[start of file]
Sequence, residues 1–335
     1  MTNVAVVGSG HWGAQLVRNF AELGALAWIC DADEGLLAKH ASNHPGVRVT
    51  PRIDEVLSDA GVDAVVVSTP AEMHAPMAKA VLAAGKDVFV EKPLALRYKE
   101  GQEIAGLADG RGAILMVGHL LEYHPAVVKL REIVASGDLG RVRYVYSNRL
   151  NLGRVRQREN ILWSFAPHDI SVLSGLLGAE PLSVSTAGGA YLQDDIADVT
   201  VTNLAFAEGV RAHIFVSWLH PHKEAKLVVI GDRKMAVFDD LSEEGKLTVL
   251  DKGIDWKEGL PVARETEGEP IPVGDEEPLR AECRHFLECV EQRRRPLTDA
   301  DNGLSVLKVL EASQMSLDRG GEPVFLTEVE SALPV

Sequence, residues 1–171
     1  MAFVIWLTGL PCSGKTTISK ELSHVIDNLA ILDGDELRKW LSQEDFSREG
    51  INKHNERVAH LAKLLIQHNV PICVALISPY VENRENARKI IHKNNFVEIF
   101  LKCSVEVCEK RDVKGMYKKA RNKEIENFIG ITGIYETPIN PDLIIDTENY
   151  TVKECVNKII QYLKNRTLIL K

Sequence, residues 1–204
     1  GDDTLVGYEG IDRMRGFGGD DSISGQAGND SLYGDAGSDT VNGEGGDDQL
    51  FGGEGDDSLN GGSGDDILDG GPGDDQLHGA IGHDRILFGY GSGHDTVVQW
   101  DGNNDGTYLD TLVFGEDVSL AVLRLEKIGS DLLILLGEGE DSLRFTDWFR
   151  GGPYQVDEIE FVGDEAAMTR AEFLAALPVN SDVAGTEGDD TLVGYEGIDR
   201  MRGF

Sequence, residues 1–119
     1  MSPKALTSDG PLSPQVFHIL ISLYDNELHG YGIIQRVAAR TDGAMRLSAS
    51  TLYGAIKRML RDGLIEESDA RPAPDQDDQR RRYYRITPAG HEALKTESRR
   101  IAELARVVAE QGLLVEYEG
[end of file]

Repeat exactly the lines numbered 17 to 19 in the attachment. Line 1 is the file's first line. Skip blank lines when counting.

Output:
   101  DGNNDGTYLD TLVFGEDVSL AVLRLEKIGS DLLILLGEGE DSLRFTDWFR
   151  GGPYQVDEIE FVGDEAAMTR AEFLAALPVN SDVAGTEGDD TLVGYEGIDR
   201  MRGF